Lock external doors! Even if you think they don't know how or can't reach yet, once they summon the motivation I rekcon they can will themselves to grow! I was feeding newborn dd and commenting inside my head about how peaceful it was then realised it was too peaceful. On inspection the front door had been unlocked and opened and DS (1.5) was 10 doors down in someones drive petting a cat, cue me tearing down the street, no shoes, jammy bottoms, nursing bra unclipped!

itspeanutbutterjellytime Tue 24-Jan-12 20:55:21

I taught 'can I have that please, ds?' from a very early age. He is now 15mo and hands anything over without complaint. That's a useful one. I also have a good death stare and a lot of stuff can be dealt with by a firm 'no!'

We live in a townhouse and would need about 7 stairgates... So we just don't bother. He climbs the stairs only under supervision and if he wanders out there on his own he looks at the stairs, shakes his head and says 'nawtee' and wanders back in. I find stairgates and other baby proofing items actually lend themselves to fascination about what's forbidden.

JollySergeantJackrum Tue 24-Jan-12 21:53:14

I have discovered that my house is not childproof. Every time I think it is, the little sod clever thing learns to do something else. Remember to re-evaluate when he learns to pull up onto his feet, grows taller, learns to climb...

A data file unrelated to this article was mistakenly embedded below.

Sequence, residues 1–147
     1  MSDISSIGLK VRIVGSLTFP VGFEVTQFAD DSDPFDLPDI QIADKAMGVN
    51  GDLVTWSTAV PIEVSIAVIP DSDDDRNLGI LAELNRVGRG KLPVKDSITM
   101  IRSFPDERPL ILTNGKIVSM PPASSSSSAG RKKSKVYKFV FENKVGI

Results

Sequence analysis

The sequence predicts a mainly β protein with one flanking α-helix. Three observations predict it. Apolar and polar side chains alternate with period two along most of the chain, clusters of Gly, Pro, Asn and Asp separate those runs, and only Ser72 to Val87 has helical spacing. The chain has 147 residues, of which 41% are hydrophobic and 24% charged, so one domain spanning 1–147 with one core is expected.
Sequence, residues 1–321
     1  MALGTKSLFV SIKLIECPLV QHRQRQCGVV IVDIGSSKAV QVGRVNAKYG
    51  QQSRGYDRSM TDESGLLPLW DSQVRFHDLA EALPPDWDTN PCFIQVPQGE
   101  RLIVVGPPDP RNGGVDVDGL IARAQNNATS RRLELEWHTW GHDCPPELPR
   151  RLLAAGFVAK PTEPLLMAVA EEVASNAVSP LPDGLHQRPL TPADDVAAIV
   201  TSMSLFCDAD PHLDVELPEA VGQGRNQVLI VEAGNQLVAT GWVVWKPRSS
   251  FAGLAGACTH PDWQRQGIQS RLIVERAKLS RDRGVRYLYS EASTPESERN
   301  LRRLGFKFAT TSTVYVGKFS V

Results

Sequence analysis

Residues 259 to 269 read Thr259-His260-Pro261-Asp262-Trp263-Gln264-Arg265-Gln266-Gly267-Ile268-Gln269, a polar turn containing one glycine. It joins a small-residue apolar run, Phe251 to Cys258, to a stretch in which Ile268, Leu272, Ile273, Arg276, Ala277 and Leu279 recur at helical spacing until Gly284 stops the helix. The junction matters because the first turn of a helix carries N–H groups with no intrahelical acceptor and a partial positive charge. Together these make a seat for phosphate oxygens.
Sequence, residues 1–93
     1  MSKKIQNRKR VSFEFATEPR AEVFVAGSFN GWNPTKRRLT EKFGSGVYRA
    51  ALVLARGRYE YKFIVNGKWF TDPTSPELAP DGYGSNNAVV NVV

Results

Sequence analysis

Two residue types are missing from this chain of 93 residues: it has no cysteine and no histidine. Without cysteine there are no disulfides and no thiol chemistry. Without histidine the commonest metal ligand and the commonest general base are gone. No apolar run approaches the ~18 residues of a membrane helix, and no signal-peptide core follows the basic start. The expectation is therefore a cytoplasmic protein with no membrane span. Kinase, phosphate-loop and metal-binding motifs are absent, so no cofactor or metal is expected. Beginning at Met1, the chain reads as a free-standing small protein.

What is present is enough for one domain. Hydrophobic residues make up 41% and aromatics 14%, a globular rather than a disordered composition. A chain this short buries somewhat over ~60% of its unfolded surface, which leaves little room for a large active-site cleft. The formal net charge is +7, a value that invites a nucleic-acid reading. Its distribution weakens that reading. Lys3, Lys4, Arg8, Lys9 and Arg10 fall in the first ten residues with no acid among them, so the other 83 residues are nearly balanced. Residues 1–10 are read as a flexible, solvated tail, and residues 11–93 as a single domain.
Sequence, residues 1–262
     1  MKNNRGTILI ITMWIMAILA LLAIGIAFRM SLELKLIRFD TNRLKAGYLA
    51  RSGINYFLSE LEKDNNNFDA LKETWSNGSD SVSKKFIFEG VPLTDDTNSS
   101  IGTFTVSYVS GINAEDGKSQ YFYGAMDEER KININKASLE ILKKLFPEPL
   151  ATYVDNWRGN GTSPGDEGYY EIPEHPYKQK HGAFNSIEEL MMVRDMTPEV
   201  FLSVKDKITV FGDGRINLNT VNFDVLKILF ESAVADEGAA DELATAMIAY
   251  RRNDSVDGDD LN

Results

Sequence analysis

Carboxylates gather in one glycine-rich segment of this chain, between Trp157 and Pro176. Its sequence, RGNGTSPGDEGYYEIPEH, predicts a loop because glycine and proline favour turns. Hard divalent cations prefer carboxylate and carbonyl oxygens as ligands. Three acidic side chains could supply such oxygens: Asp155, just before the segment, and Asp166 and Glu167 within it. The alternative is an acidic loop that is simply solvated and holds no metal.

As I can't watch DS for all his waking hours, we have stair gates top and bottom. It is very important not to have small (toddler mouth size) things at floor level. Like coins. Or batteries. And our HV pointed out that dishwasher tablets look like sweets but are terribly caustic.

Oh and another thing to remember is that if you're lucky enough to have one of the ones that doesn't climb much/is fairly good at learning what they mustn't touch, you will need to be EXTRA vigilant if you have other children visiting, as you might not be set up for what they might do.

DS and DD were both fairly predictable and not big climbers, but one of DS's friends was like spiderman and could be guaranteed to climb up to the knives you didn't think he could reach or whatever! Apparently at home he would climb up to kitchen worktops and try to put the kettle on shock

notcitrus Tue 24-Jan-12 23:09:55

Another warning about Other Children, and locking external doors very high up.
Ds, being short, couldn't reach the handle to open the front door even at 2.6. Even standing on a stool, which he thought of pretty rapidly.

However when tall dn, 3 months older, was staying one weekend, I overheard [clunk] "Stand there. Pull dat. Pull the shiny bit." followed by huge giggling that got fainter - and legged it out to find both boys at the other end of the path turning onto the pavement...

And of course ds looking angelic saying "I didn't open the door!" as I hauled them back inside.

Ds just needs a white cat to be an excellent supervillain - he's recently (age 3) been trying to get dn to help open a stairgate - it's a two-handed job for an adult so they need to cooperate. It's only luck they haven't managed it, actually, but now all it protects is MrNC's chance of a lie-in!